Photo by Chris Bosak
A tufted titmouse take a peanut from a railing in Danbury, Connecticut, February 2019.

Here is a short series of photos showing a tufted titmouse contemplating and ultimately deciding to make off with a peanut, which looks comically large in the bird’s tiny bill. Good thing titmice don’t swallow their food whole.

I got this.

Continue reading

Live was a flop, but here are some photos from today

Photo by Chris Bosak
A song sparrow takes shelter in an old Christmas tree during a snowfall in Danbury, Connecticut, February 2019.

My attempt to go live from my feeders today was, well, a learning experience. The video quality looked much better on my iPhone screen than how it translated onto the big screen next to me. Also, Facebook live makes you shoot vertically (not how you’re supposed to do it!) so the first several minutes appeared sideways. Who knew?

The birds were fairly cooperative during the 15-minute live shoot. A group of pine siskins covered the tube feeder while mourning doves, titmice, chickadees, goldfinches, juncos, downy woodpeckers, and white-breasted nuthatches visited the various other feeders. A song sparrow, an irregular visitor at my feeders anyway, also showed up and took seeds from the platform feeder.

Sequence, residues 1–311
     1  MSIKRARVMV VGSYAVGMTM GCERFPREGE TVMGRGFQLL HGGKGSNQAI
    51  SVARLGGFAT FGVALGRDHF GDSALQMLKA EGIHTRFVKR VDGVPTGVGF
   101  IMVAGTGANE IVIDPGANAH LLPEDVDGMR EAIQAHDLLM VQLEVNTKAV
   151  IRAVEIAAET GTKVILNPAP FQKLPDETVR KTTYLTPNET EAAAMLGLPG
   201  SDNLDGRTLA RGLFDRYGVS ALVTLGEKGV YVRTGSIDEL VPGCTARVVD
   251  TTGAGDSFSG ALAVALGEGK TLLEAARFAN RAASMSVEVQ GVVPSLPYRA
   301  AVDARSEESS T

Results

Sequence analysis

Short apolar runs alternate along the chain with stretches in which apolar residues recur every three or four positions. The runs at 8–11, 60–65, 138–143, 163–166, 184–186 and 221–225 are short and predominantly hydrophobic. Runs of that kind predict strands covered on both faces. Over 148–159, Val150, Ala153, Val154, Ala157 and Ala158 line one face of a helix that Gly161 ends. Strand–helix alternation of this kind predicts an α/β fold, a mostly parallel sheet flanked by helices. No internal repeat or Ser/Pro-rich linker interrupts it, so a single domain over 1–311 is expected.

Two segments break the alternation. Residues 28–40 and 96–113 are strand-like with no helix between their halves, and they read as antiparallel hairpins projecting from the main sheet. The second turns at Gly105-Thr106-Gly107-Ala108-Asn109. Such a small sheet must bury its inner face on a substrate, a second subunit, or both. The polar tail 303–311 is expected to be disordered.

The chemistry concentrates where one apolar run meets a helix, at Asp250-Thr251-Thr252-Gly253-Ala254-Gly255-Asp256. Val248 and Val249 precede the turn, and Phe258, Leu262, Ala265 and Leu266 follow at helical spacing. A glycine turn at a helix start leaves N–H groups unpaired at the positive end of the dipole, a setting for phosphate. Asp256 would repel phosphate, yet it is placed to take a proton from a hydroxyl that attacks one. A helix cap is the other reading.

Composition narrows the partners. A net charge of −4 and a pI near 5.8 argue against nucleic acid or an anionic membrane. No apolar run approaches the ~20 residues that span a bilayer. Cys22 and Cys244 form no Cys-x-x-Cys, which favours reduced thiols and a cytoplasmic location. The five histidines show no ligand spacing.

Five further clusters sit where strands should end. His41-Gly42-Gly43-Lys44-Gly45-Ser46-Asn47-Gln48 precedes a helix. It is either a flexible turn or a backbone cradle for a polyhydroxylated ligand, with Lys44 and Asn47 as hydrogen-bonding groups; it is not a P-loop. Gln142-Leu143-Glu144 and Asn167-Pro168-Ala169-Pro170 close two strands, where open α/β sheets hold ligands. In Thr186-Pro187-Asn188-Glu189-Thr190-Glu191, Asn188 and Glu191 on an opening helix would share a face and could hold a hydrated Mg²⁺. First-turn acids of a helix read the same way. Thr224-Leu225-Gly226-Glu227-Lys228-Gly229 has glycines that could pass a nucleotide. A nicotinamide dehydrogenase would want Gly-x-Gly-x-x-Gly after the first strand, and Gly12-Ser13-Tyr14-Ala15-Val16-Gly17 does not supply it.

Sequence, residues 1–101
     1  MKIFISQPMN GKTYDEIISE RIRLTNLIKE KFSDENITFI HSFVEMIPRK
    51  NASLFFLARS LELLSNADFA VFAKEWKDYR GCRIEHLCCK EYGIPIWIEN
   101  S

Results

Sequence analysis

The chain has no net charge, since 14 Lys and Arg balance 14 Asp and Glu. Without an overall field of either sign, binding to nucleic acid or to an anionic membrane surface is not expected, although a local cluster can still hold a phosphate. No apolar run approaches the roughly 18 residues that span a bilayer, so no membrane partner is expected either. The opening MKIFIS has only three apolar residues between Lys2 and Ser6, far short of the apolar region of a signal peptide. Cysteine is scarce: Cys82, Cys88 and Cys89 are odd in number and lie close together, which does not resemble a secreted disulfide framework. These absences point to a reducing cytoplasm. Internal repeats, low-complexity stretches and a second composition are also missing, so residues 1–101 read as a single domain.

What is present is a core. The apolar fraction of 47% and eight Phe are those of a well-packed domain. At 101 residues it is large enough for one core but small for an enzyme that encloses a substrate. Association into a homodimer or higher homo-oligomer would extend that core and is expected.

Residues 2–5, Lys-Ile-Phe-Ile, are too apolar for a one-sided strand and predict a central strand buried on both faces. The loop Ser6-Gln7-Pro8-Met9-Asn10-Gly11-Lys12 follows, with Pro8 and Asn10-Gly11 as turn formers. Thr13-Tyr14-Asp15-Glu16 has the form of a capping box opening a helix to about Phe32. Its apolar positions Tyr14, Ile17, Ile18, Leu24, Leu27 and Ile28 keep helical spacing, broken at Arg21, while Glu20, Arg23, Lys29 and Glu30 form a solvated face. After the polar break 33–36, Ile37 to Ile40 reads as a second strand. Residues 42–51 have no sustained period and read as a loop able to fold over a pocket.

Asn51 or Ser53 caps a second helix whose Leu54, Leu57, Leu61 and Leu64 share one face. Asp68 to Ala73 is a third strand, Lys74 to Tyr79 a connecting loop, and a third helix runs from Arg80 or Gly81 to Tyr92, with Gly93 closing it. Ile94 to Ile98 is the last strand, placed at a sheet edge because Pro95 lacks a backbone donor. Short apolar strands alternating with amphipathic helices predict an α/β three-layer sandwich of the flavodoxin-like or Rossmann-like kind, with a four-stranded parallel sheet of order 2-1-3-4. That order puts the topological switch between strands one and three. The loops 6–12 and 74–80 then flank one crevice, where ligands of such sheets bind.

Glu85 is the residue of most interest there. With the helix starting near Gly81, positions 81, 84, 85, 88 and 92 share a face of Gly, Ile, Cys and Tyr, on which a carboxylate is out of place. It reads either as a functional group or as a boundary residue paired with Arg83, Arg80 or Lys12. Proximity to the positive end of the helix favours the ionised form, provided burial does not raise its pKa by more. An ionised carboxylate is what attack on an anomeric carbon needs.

What was somewhat expected but didn’t show up were blue jays, cardinals, and red-bellied woodpeckers.

I guess it’s time to look into a new camera capable of streaming live video. The iPhone just didn’t cut it – at least for this experiment. Thanks to those who did tune in. Next time will be better.

In the meantime, here are some more photos from the action Continue reading

How birds stay warm in winter (a For the Birds rerun)

Here’s a For the Birds column I wrote a few years ago. Seems appropriate with a cold, gusty wind blowing today.

Photo by Chris Bosak An American Tree Sparrow perches near a feeding station during the snowstorm of Feb. 13, 2014.

One of my favorite times to watch birds is when the snow is falling. Not a driving snow with icy temperatures and high winds, but an otherwise rather pleasant day with frozen crystals falling from the sky and covering everything with a fresh coat of white.

I do not shy away from taking walks to look for birds when the snow is actively falling, in fact I thoroughly enjoy walks at such times. But I also enjoy very much watching the activity at the feeders during snowfalls.